Almond and Rose Hip Tea Cookies

Though I’ve made almond milk regularly for two years, I’m ashamed to say that I’ve never added the leftover almond grounds to anything other than the compost pile. I decided to rectify this last week and experimented with making almond tea cookies.  The recipe below was born from my second batch, my first batch having been rendered uneatable by the strong thyme-flavored honey I used.

Dried rose hips have become a favorite brewed tea of mine over the last year, and, reconstituted, their tart, bright flavor makes a lovely addition to these delicate cookies. If rose hips are not readily available, feel free to substitute chopped dried cranberries.

Note: As I created this recipe specifically to utilize the leftover almond grounds from making almond milk, keep in mind that the texture of the finished cookies will be different from those made of flour.

Ingredients (yields 16-20 cookies)

1 cup almond grounds, drained well

1 tablespoon dried rose hips

1 tablespoon honey

1 egg white

1/4 teaspoon almond extract

1/4 teaspoon vanilla extract

Method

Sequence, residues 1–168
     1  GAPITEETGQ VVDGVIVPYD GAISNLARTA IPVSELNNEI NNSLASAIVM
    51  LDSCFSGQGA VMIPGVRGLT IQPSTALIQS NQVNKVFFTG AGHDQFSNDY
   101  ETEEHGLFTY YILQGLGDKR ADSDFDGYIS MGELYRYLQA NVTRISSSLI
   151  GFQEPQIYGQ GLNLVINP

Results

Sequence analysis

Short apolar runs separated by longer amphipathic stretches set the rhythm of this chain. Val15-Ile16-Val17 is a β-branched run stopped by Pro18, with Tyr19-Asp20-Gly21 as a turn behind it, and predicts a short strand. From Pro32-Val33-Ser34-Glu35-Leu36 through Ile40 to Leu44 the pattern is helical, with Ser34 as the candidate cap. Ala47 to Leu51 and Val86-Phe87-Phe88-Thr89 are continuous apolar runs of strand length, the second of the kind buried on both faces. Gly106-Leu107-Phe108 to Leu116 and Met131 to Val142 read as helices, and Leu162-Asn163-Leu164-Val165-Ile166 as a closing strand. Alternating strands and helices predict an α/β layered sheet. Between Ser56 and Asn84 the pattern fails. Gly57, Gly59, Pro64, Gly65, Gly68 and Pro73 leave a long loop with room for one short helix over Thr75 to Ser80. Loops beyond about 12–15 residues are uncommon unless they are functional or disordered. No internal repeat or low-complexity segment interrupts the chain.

Begin by steeping the dried rose hips in a mug of hot water for 3-5 minutes.  Next strain the tea, taking care to reserve the rose hips. Finely chop the softened rose hips and set them aside. Enjoy the tea.

Line a baking sheet with wax paper. Place the chopped rose hips and the remaining ingredients in a bowl and mix well. Using a teaspoon, place scoops of the batter evenly onto the baking sheet. Gently flatten and form them into thin medallions. Don’t worry about the cookies being too close to each other, as they will not rise or spread.

Bake at 300 F (150 C) for 15 to 20 mins, checking on them regularly to prevent burning. Let the cookies cool completely before gently removing them from the wax paper. They are best served and consumed the day you make them.

P1040521

Enjoy!

 

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About continuethislabor

Hi I'm Tera. I'm interested in how flavors work together and how we can work together to be responsible Earth citizens. Currently I teach English in S. Korea with my husband, but someday we will own a small organic farm. There, we will grow vegetables, raise chickens and goats, and play Catan in our little cottage while drinking good coffee.

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